"Do not ask about my CGPA, please," quipped a smiling Shadman Sadab.
The 22-year-old is now the chief executive officer (CEO) of Hong Kong-based development firm Future City Summit (FCS) Limited.
Shadman, son of Hassanuzzaman and Sabira Hassan, finished his graduation from the Department of Television and Film Studies of Dhaka University. He joined as the CEO of the Hong Kong-based company even before his final result was published. Certainly, what’s in a CGPA?
The FCS organises an international conference every year that aims to build a future city. Since the inception of the firm in 2016, the range of their work has expanded every day.
It is conducting various programmes in different countries of the world. They include finding problems in different cities of developing countries, establishing a link between the authorities concerned and the enterprising youth, arranging investment for potential enterprises, training for the development of youths and so on. All the programmes now are run under Shadman's leadership.
Hong Kong's André Coke is the founder and chairman of FCS. India's T-Hub founder Sreenivas Kallipara, convenor of Hong Kong's organisation Make A Difference Ada Ying Kay Yong, executive council of Hong Kong SAR Government member Regina Ip Lau Suk-yee and many others are the advisers to the company. Shadman Sadab is from Narayanganj. What motivated him to become the chief executive officer of an organisation of such a large caliber?
Shadman was admitted to Notre Dame College in 2011 after passing SSC exams from Narayanganj Ideal School. Every morning he came to Dhaka by train. He commuted by the same train for classes in Dhaka University. What was the goal of life then? Shadman said, "There was no goal at all. I had no clue what I was doing and why.”
“The time spent on university campus was like a dream. When I returned home by train, it felt like I was returning from the dream to reality." Shadman’s family shifted to Dhaka when he was a second year student.
Shadman was a little introvert as a child. At Notre Dame College he discovered that there were lots to do besides just studying. He used to participate in different programmes and festivals held throughout the year.
He came to know about outsourcing and its possibilities after getting admitted to Dhaka University. He started giving private tuitions to earn his pocket money. He also worked for the British Council, Ten Minute School, and Bloodman, an application-based organisation.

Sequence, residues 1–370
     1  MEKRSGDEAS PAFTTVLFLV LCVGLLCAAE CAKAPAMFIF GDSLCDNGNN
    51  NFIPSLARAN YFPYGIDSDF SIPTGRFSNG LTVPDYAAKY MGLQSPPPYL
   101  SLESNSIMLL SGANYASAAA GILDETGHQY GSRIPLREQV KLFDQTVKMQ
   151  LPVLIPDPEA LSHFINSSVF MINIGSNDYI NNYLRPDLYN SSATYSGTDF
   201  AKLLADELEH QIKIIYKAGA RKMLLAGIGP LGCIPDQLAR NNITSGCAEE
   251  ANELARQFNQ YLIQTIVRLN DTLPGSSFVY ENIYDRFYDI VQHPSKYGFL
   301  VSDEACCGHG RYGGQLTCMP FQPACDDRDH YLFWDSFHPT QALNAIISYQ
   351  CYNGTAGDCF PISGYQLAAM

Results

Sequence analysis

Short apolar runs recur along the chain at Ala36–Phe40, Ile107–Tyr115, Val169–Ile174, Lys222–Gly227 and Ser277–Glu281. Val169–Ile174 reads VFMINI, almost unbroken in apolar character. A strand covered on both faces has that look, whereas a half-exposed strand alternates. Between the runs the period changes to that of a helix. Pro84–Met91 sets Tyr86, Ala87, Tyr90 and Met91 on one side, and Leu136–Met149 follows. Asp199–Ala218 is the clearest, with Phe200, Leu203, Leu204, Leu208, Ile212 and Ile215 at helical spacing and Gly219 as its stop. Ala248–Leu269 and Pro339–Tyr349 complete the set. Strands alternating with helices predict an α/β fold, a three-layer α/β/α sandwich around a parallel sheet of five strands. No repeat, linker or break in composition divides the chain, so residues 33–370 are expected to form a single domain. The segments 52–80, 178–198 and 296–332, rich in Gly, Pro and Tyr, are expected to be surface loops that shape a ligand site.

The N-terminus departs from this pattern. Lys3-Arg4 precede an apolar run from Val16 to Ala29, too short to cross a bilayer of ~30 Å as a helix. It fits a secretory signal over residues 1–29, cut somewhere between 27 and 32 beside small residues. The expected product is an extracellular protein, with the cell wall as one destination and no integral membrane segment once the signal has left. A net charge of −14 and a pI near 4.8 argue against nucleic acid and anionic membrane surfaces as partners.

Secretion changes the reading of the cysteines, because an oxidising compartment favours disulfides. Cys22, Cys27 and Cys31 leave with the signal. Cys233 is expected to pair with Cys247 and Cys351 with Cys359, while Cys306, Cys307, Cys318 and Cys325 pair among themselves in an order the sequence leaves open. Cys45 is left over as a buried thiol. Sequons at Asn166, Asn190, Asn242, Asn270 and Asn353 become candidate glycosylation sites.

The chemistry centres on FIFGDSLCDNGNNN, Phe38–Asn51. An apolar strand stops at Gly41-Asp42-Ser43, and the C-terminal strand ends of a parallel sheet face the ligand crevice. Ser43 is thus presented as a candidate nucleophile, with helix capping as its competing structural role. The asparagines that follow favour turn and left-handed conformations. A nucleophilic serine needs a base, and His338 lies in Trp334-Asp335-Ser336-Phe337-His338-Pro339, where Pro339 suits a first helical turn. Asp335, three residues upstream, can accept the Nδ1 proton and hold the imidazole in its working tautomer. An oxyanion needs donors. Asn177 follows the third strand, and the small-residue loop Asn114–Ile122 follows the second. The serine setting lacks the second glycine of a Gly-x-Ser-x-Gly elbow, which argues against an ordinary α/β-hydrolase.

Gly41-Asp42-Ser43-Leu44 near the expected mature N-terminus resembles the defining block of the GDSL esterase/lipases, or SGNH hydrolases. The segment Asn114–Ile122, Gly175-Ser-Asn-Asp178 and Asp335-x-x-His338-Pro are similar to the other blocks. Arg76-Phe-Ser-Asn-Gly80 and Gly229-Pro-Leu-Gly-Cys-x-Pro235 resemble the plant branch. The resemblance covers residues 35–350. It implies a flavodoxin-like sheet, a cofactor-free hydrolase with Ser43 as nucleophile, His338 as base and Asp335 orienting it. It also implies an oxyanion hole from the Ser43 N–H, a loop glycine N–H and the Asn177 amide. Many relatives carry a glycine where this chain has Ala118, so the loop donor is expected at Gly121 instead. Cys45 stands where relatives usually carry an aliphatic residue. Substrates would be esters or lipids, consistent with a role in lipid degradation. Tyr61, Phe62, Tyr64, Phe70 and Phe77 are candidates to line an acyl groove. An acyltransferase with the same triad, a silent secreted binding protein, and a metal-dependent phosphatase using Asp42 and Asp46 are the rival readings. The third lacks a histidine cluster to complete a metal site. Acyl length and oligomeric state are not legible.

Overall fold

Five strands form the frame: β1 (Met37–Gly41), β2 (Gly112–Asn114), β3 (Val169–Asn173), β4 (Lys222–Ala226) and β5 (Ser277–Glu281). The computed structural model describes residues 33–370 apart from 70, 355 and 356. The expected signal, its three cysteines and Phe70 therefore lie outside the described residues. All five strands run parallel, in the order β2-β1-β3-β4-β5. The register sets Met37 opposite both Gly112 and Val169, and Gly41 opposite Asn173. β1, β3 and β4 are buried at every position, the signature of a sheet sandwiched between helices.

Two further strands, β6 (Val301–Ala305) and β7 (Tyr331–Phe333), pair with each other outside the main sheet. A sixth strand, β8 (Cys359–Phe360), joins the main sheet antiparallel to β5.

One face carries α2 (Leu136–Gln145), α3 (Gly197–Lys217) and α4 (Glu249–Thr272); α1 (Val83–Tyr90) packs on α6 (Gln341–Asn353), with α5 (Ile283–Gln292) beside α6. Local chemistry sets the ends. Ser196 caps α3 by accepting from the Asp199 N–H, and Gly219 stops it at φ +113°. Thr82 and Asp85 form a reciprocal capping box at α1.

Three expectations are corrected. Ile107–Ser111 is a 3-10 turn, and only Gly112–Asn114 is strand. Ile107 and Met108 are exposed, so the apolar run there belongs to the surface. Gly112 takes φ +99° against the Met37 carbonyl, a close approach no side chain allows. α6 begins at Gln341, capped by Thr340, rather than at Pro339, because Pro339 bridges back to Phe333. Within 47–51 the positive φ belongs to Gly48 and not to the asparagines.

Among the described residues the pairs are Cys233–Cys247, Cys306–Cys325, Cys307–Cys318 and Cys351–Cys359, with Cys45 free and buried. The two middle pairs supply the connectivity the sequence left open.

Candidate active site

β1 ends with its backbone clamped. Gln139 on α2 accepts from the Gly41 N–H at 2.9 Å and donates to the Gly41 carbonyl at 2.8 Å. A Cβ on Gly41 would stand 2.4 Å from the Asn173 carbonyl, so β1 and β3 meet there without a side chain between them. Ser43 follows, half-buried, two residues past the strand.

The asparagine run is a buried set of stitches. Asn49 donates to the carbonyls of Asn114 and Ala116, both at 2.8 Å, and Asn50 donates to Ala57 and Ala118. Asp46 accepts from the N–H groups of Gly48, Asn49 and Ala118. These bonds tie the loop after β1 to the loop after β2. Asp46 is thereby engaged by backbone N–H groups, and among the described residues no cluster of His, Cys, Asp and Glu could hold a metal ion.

“When did you study?” Shadman candidly said, “Honestly speaking, I was not much studious. It seemed as if we had a big distance from the world of realities with our education system. Alongside my studies, I wanted to learn how to work.”
The big opportunity to learn the work came in 2016. Shadman Sadab came to know that there would be a conference called Future City Summit in Hong Kong. He also got the opportunity to take part in the conference. He did not know at the time that the certificates given in the conference would contain his signature some day.
"My objective in the Future City Summit of 2016 was to meet as many people as possible. I talked to the people of different countries, organisers of the programmes, speakers, officials of government and private organisations.
Shadman’s entire focus is on networking. He understood the importance of increasing contacts with people. In the next two years, he participated in a number of conferences, training and competitions in the UK, Japan, Nepal, Thailand, Singapore, China, Vietnam, Indonesia and Malaysia.
He developed a warm relationship with the FCS founder André Coke. He then started working as the FCS’ director in Bangladesh in 2017. Later he was appointed as the executive of the international relations and communication department of the organisation. Then the big surprise came in 2018.
Why a young boy from Bangladesh? André Coke replied, “Shadman had a natural propensity to be an entrepreneur. The dream of building a future city, the whole of it, is dependent on innovative initiatives and leadership. I think he has potential.”
*The piece originally published in Prothom Alo print edition has been rewritten in English by Farjana Liakat